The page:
Epidemiological evidence suggests that postprandial glucose levels have a stronger relationship with cardiovascular events than fasting glucose in individuals with diabetes [1, 2]. Recent attention has therefore focused on dietary strategies which target the reduction of postprandial hyperglycemia both as a treatment and possible prevention of diabetes and cardiovascular disease. Both quantity and quality of ingested carbohydrate can affect post prandial glucose levels [3, 4]. A meta analysis by Livesey et al [5] which investigated the relation between dietary glycemic properties and health outcomes, concluded that reductions in the GI of the diet do improve glycemic control but that unavailable carbohydrate intake is equally important. Soluble viscous fibers are unique in that incorporation into the diet would both increase the unavailable carbohydrate intake and, in effect, lower the GI of the diet by their ability to flatten the postprandial glycemia [6, 7].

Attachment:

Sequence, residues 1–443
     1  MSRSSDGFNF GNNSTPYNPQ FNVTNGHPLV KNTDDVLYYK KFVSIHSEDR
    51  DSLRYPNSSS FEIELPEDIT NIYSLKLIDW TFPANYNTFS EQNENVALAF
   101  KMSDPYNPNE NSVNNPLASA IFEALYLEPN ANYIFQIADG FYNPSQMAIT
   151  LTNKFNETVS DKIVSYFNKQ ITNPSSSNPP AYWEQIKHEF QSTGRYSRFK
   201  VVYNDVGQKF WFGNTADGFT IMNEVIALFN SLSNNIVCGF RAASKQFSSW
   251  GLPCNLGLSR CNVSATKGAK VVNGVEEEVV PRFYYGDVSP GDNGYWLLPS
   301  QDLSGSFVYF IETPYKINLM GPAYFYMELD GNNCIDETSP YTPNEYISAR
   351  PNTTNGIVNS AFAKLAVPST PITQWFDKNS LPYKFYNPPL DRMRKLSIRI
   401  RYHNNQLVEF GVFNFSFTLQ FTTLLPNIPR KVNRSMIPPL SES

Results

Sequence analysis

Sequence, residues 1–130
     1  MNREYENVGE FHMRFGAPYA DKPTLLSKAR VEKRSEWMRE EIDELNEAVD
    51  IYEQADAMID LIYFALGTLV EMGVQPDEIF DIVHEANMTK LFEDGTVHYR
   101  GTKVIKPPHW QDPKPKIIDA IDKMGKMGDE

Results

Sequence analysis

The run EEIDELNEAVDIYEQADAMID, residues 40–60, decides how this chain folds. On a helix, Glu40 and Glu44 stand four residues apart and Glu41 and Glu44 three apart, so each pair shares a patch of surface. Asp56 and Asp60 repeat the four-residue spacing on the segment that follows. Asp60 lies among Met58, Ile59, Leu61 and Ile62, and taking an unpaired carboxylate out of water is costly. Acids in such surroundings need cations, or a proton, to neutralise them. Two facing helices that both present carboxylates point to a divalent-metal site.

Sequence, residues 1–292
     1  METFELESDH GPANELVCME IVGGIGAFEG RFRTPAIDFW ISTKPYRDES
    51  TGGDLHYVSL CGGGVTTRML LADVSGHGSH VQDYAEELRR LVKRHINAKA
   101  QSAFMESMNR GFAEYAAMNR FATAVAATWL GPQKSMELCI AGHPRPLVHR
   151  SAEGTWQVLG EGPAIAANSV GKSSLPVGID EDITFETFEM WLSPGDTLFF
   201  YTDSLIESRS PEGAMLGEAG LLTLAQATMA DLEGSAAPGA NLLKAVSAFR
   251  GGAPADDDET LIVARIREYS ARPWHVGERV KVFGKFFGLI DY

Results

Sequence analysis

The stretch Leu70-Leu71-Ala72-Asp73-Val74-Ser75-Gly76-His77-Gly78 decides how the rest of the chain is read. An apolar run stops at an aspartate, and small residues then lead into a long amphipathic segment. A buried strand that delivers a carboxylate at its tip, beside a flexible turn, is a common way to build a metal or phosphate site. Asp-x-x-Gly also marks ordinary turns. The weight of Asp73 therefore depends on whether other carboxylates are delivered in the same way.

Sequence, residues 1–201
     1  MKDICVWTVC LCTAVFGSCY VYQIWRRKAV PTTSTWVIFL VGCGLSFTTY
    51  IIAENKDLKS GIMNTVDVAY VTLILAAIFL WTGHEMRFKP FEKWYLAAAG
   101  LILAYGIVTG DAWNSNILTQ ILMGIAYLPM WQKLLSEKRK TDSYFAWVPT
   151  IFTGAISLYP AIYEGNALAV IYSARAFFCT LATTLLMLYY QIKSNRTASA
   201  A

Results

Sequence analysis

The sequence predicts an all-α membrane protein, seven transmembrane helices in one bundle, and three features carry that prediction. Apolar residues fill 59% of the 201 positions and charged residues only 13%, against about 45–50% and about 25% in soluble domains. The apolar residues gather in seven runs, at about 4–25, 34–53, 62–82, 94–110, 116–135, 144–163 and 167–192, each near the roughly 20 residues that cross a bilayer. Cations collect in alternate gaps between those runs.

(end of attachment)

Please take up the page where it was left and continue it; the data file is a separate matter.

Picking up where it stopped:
Increasing viscous fiber consumption however is hampered by both palatability issues and variability in effectiveness[8]. The higher the viscosity of the fiber, the greater its effect on postprandial glycemia [6, 9, 10], however it is the viscosity of the fiber that decreases palatability and prohibits practical application of soluble fiber in the diet. Processing and mode of administration are known to alter its effectiveness; isolation of beta glucan using two different processes, demonstrated greater reductions with the beta-glucan product in which the viscosity had been retained [11]. Consumption of psyllium between meals over two weeks had no effect of blood cholesterol levels in modestly hypercholsterolemic individuals, however consuming the same dose of psyllium when mixed with the food resulted in significant decreases in total and LDL cholesterol levels [12].